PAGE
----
- Archbishop Martin – Challenge for Synod is to be “open to ways of applying the primacy of mercy”
“It is sometimes hard for us Christians to defend the authenticity of our language in a culture where the meaning of words can constantly change. Words, for example, are altered to be more politically correct. This can be a good thing in the fight against stigma; it may also leave us feeling correct and good, but without actually changing the situation of those being categorised.
Words can go out of fashion and good words can take on negative overtones. How often do we use the phrase that “people do not want charity, but justice”? We all know what that means and we all agree with it. The problem is that what has happened is that the value of one of the central concepts of Christianity – charity – has been reduced from its true meaning. Charity, from being the greatest commandment, has been reduced to meaning simply hand-outs or responding to needs of the moment leaving the beneficiary without what is their real right.
The same can happen with the word “mercy”. Mercy can be looked at as a sort of privilege, something that in my niceness I grant to someone else, even though they might not deserve it or that I was not obliged to give it.
Pope Francis said of a recent book by Cardinal Walter Kasper on the theme of mercy that: “this book has done me such good”. Not a bad recommendation for a book! The key to the understanding of the book is the subtitle: “Mercy: the essence of the Gospel and the key to the Christian life”.
Mercy is not an optional discretionary extra. It is of the essence of the Christian life. Many of us grew up in a generation where the image of Christianity was one more of being judgemental, than of being merciful Mercy was reduced to a sort of lucky escape from the consequences of hard judgement, hardly the essence of the Christian life.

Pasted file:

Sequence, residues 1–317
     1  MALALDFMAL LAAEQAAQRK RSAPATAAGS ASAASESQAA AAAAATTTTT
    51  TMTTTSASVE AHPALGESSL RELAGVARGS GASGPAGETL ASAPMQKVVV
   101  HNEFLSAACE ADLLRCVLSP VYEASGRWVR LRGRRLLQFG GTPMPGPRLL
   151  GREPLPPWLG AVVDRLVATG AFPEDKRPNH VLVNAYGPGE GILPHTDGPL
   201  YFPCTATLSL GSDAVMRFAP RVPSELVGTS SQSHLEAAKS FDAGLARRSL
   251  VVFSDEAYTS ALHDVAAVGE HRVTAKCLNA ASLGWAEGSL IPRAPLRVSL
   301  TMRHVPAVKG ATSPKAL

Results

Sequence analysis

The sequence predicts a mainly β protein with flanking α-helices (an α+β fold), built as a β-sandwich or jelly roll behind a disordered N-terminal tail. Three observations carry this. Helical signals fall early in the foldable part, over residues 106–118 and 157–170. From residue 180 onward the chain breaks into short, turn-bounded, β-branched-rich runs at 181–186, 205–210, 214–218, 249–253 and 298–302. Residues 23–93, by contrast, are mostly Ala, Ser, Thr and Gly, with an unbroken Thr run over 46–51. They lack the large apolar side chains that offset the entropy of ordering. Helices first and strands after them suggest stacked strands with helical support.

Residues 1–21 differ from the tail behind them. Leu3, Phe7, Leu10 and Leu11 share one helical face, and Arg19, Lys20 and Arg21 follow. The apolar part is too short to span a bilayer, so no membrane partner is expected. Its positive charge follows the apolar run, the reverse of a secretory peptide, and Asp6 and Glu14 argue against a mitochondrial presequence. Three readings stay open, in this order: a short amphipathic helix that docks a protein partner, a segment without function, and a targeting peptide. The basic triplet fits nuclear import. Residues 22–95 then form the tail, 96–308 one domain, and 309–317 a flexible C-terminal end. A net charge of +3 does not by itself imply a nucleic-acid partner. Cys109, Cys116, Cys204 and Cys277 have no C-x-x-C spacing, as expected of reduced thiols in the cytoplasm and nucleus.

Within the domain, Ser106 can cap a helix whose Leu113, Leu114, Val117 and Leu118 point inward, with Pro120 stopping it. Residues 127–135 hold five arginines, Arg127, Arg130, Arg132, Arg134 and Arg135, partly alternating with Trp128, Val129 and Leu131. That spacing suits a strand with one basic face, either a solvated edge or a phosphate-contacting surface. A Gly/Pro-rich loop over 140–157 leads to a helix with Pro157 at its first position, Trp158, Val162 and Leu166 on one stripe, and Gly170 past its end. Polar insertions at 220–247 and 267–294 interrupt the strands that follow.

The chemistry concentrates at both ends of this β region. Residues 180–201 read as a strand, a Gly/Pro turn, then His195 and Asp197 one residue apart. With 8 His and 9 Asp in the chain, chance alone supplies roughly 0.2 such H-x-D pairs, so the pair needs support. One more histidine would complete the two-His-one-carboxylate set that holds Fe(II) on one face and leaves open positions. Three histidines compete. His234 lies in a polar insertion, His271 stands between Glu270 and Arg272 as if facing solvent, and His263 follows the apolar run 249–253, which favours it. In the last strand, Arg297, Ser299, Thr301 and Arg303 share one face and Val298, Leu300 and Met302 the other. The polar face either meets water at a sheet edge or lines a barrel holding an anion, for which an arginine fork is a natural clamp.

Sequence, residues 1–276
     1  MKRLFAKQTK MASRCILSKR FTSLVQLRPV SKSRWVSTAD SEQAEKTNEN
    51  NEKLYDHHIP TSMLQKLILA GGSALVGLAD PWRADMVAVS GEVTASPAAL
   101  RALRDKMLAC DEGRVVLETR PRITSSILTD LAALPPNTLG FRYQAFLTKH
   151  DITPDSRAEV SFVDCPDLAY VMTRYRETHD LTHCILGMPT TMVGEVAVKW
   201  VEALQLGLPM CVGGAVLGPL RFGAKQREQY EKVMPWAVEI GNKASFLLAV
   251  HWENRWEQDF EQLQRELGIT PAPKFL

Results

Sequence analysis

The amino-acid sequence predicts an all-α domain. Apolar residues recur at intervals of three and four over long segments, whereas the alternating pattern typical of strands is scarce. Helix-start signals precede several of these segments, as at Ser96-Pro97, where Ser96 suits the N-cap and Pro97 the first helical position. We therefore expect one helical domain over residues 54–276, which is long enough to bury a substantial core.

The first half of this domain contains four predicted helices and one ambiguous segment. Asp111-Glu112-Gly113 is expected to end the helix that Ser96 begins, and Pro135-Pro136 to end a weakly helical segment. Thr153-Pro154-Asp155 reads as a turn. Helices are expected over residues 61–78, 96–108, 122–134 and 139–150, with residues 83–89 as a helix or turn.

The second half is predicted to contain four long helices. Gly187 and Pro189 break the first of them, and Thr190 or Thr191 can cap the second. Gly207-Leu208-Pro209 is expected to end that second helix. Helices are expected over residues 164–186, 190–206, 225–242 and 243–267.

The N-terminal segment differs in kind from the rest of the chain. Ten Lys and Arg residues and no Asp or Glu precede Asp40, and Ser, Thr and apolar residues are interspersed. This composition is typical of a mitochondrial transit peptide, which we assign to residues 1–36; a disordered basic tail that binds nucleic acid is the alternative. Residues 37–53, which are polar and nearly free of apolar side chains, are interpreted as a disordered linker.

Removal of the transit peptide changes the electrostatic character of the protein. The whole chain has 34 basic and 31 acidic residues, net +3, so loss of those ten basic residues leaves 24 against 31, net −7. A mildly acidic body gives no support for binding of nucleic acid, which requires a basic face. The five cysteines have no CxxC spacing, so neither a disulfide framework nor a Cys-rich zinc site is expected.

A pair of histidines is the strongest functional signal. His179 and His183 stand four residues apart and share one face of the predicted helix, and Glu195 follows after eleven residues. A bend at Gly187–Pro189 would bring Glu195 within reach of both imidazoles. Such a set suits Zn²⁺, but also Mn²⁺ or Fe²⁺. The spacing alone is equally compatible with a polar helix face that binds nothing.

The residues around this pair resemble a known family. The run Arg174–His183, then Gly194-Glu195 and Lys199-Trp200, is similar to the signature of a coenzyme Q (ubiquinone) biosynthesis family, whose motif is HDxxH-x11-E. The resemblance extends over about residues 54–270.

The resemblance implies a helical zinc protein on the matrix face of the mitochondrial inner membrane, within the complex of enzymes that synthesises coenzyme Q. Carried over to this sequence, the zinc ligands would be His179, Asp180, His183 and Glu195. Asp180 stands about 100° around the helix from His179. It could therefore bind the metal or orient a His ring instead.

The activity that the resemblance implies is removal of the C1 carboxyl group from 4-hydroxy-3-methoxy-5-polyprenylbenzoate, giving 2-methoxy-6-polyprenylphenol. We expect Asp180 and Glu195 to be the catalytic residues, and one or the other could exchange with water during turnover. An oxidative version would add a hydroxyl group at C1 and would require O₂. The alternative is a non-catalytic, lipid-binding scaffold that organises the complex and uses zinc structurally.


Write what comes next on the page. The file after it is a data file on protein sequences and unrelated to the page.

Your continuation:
Mercy, as Kasper notes in referring to Marx’s analysis of religion, has been limited to a superficial idea of consolation which somehow appears, even though marginally, as one dimension of the activity of a god who is fundamentally judgemental, punitive and avenging. The problem is that if we are trapped into an image of God whose justice is primarily punitive, we will never see mercy as essential to the Christian concept. Mercy will, to use the words of Cardinal Kasper, become “a concept often to be downgraded, degenerating in to soft spirituality or vague pastoral concern, lacking clear definition and shaped somehow to suit each individual”.
The concept of biblical mercy can only be understood if we turn our image of a punitive God head-over-heals. God’s mercy cannot be fitted into our human categories. The way we live mercy in our lives will make us counter- cultural, both in society and as regards some distorted theological formulations.
I worked for many years with a remarkable Vietnamese Cardinal whose cause for beatification is under way. He had been in prison for over fifteen years and was then released with the gift of a passport, which was in effect a one-way ticket to exile. He came to live in Rome and worked as President of the Pontifical Council for Justice and Peace of which I was Secretary. Some years later, Pope John Paul invited the Cardinal to preach the retreat for the Pope and the members of the Roman Curia. As is the custom at a certain point he was asked to send in a letter indicating the broad outlines of the plan of his retreat. One title stood out: it was called “Jesus was stupid”.
It did not take long before I, as his deputy, received a telephone call from the Secretariat of State expressing some alarm at such a title and wanting to find out what the Cardinal was at. That title was not going to be acceptable.